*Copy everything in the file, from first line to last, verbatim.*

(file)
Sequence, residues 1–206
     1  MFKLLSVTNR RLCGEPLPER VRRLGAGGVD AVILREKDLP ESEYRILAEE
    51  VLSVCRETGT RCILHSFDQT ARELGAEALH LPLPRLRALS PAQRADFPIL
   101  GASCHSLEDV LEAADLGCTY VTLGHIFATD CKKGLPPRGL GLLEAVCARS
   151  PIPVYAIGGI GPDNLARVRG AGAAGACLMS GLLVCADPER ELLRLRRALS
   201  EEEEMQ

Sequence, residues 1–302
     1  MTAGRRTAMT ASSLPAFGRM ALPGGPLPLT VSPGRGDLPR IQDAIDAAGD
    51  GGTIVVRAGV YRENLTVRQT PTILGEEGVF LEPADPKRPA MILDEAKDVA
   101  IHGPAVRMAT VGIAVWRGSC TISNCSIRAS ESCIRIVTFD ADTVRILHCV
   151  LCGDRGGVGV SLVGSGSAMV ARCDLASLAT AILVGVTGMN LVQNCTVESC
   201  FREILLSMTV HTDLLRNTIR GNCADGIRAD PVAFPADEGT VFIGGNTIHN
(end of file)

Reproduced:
Sequence, residues 1–206
     1  MFKLLSVTNR RLCGEPLPER VRRLGAGGVD AVILREKDLP ESEYRILAEE
    51  VLSVCRETGT RCILHSFDQT ARELGAEALH LPLPRLRALS PAQRADFPIL
   101  GASCHSLEDV LEAADLGCTY VTLGHIFATD CKKGLPPRGL GLLEAVCARS
   151  PIPVYAIGGI GPDNLARVRG AGAAGACLMS GLLVCADPER ELLRLRRALS
   201  EEEEMQ

Sequence, residues 1–302
     1  MTAGRRTAMT ASSLPAFGRM ALPGGPLPLT VSPGRGDLPR IQDAIDAAGD
    51  GGTIVVRAGV YRENLTVRQT PTILGEEGVF LEPADPKRPA MILDEAKDVA
   101  IHGPAVRMAT VGIAVWRGSC TISNCSIRAS ESCIRIVTFD ADTVRILHCV
   151  LCGDRGGVGV SLVGSGSAMV ARCDLASLAT AILVGVTGMN LVQNCTVESC
   201  FREILLSMTV HTDLLRNTIR GNCADGIRAD PVAFPADEGT VFIGGNTIHN